A couple of weeks ago, the QA (Quality Assurance) man brought round a copy of the new AMPDS (that is, the system call takers use for triage) protocols. It got a hearty thumbs up from just about everyone. AMPDS’s biggest problem is the inclusion of the question “Is s/he breathing normally?” in just about every protocol. If the caller answers no, it tends to decide that the patient has “severe respiratory distress” and churn out a Cat A response. The trouble with this is that if the patient is puffing with pain, or upset and crying, of course their breathing is going to be difficult from normal – but not in a medically relevant way. Yet AMPDS treats someone who is hyperventilating at the pain of their papercut the same as someone with a life threatening asthma attack.
Well, not any more! The infamous “are you breathing normally” question is completely gone from a lot of protocols, and when it IS there, a “yes” only results in an amber response, not a red. The rationale, which I totally agree with, is that if the breathing was that much of a problem, they’d have told us at the beginning of the call!
I can’t wait for this new protocol to come in. It is going to decrease frustration levels in call takers, allocators and ambulances crews no end, and more importantly, we won’t end up having to waste ambulances on rubbish when people who are really sick are still waiting.
Unfortunately, the new protocols weren’t in in time for the delightful young man who called last week to say he had a cotton bud stuck in his ear. Was he breathing normally? Apparently he wasn’t. Category A call. FRU despatched.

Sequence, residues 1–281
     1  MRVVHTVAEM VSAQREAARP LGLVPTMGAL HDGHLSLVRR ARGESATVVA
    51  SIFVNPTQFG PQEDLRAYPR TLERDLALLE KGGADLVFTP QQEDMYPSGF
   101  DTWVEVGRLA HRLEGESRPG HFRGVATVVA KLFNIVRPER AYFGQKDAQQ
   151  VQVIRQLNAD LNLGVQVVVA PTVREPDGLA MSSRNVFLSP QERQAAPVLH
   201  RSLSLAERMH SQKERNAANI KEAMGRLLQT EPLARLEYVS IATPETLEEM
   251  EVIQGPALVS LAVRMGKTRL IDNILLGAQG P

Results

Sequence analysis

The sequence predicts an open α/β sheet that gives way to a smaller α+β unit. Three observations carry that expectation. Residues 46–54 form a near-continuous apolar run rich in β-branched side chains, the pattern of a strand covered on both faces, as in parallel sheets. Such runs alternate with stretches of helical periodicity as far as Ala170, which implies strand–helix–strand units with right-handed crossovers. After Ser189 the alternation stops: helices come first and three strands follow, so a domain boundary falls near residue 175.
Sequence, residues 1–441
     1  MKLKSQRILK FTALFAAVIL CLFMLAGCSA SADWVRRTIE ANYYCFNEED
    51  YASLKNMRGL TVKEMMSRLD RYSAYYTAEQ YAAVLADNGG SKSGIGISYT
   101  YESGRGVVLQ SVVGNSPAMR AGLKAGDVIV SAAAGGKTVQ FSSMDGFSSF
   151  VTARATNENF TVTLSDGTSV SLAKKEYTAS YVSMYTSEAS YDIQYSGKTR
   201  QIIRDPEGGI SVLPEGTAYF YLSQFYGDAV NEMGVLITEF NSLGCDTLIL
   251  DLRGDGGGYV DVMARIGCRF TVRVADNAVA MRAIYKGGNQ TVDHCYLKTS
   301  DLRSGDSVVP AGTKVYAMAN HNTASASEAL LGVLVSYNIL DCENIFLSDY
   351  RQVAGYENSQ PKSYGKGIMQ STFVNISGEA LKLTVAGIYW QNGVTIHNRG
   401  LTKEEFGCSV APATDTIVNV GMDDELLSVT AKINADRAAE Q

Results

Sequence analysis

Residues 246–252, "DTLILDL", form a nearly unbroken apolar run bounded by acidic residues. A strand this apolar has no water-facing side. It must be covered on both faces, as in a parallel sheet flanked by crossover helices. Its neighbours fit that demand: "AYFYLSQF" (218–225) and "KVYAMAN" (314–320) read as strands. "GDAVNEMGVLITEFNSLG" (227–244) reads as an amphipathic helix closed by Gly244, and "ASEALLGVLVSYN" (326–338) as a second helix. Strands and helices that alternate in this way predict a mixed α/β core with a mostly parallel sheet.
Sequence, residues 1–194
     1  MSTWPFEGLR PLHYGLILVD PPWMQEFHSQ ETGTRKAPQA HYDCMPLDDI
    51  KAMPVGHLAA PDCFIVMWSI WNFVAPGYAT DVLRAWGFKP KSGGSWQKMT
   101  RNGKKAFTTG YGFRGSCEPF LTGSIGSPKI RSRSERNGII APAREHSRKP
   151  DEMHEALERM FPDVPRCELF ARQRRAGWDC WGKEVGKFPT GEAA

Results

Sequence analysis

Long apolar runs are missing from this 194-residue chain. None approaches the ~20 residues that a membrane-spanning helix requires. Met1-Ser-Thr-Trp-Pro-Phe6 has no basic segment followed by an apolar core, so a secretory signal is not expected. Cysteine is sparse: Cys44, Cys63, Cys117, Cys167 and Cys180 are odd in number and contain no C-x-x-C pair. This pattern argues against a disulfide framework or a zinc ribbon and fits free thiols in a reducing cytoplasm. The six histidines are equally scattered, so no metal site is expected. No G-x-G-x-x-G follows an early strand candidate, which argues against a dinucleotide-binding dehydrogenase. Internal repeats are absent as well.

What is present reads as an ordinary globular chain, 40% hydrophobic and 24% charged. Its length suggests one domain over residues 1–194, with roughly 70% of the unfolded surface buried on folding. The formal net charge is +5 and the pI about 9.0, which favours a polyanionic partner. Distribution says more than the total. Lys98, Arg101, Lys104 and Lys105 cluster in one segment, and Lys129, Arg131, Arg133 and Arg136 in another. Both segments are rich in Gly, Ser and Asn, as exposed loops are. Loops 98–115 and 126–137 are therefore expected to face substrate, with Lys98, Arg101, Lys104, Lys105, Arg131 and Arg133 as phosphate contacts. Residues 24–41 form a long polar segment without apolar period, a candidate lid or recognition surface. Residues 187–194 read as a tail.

The FRU in question called us on the radio.
“Cotton bud in ear?!” he said incredulously. “How on earth is this a category A life threatening emergency? Do you really want me to run on this?”
“It’s the old ‘Are you breathing normally chestnut’,” I said apologetically. “Severe difficulty breathing… from a cotton bud in the ear. Perhaps this guy breaths through his ears? Sorry about this, but I’m going to have to ask you to continue…”
“But…” said the FRU. “I had a cotton bud stuck in my ear this morning! I got it out myself!”
“You should be an expert in the field then!” I said. “Clearly the most appropriate resource for the job!”
“I walked right into that one,” grumbled the FRU good naturedly, and continued on to the call.
Allocators do have some leeway in using their common sense, so, for instance, if there had been another more serious call for the FRU to go to, I would have been able to cancel him from Cotton Bud Man and send him to that. Unfortunately, refusing to send at all is not permitted. Even though the REAL purpose of FRUs is to get to the life threatening calls quicker than an ambulance can, it is sometimes helpful to send them to the “rubbish” calls that have come up as a high priority. That way, the FRU can ring control and tell us that the patient doesn’t have any difficult breathing, and that an ambulance isn’t needed, or that it is needed but not in any great hurry (for example, if the patient had perforated his eardrum with the cotton bud.) If an ambulance arrives straight away, they tend to take the patient to hospital (they are not allowed to refuse) so the patient gets their big white taxi and doesn’t learn their lesson.
You will be pleased to know that our brave FRU managed to deal singlehandedly with the offending cotton bud, and no further resources were required.